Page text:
What is changing for you as a performer in that moment? What’s different about what you’re doing? Where does it come from?

I think there are moments in which you don’t think exactly anymore about the exercise, the action, and you are completely within the action.

When you say the action—also the association? Is it that you’re in an imaginary world?

I think that the association, or the imaginary world, is really a personal experience. As much as I can try to be specific in describing my own experience, it may be very different for someone else. I know there are people who are really visual in their imagination. I am not. I’m more “sensitive” in terms of distance, rhythm, direction. So if I play with my body in direction, distance, and rhythm, things appear on a factual level. I don’t “see” them. But I have a clear sense of distance. Like, I’m jumping here. It is… I don’t know [whether] it’s important for me to describe it [the association], to try to pass what is my way…

It is a kind of going back and forth. There are moments in which I am more thinking and specifically doing the action, the exercise, and moments that I “live” the action. I’m embodying the action or the action is living inside me. Sometimes it’s very rare, sometimes it appears more clearly for a more long time. This is a moment.

There’s some tension in the shoulders, in the lips, here.

This is a moment where there’s a possibility to go from a bigger space to a smaller space, or a bigger situation and a smaller situation. To play with the distance. Something becomes very specific for the performer, towards his hair, and then he’s traveling again and he can travel in the woods or on a long, long journey in the outside. And abruptly, or all of a sudden, finding himself in a little room, alone, or in front of one person. And again, falling in front of an audience of two hundred people, or falling towards a lover—it’s very different.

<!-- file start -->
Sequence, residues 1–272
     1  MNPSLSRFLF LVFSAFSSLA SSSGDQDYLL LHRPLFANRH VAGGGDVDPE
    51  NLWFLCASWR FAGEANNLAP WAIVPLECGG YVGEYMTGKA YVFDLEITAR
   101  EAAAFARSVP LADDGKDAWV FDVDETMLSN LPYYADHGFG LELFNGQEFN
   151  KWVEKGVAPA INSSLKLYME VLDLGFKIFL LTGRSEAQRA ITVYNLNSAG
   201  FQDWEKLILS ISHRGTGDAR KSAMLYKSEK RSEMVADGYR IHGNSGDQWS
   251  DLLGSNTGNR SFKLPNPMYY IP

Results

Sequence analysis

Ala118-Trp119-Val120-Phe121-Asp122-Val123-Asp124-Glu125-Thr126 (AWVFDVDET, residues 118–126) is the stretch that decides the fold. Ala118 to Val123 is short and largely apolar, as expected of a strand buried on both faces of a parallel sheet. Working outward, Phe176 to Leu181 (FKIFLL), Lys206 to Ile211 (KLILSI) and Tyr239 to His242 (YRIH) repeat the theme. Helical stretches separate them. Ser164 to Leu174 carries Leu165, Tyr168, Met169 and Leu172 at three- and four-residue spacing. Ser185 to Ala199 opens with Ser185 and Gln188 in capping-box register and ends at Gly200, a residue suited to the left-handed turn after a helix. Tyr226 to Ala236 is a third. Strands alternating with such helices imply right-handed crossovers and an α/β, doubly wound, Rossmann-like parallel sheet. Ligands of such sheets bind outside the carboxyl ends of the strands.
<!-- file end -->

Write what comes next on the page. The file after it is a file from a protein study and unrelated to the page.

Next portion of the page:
And this is association.

I feel sometimes they come from the work: I’m starting to do something and the association appears. Some other times it’s more technical: I choose to do something and I’m searching for that with my body, through the actions and the exercises that I put in sequence.

This little moment, it’s a part that is not really part of the sequence. There’s a way of going back down [onto] the floor, and then this specific kind of “soldier” movement [while lying] on the back. I also think it’s a sign that the performer starts to go somewhere. Because something appears that is not really part of the sequence, but that can stay in, and then he goes back to the sequence. So there’s a rigor that is not a prison. A rigor that opens towards freedom.

And again the rapidity. For me in particular, the rapidity helps. Because I have a lot of energy and sometimes it’s just a need to discharge it, to go to another place. It’s a bit of a comfort zone, but if I use it in balance, with responsibility, it’s a good place. The face gets more relaxed. Especially on a day like this, knowing that I was recorded. There was extra tension.

This is quite interesting because it’s “iconic” in a way that nothing else is—really making images. Symbols.

It’s still the work on impulses, impulses with the arms, with the hands. But clearly, if I put my index finger, as I did, on my mouth, there’s a clear meaning. It’s true, it becomes iconic. I feel that because we are living in a world that is so overcharged by images, and we are very much overwhelmed by images, we become… I have a sense that I grew with a body that is “iconic” somehow. I learned through iconic images. It is an interesting study.

And what’s the place of those kinds of images, really clear iconic images, in this kind of dynamic training.

There’s a clear parallel with certain rituals. But I also think about pop culture, the icons of my own experience. My village is full of icons, my personal life.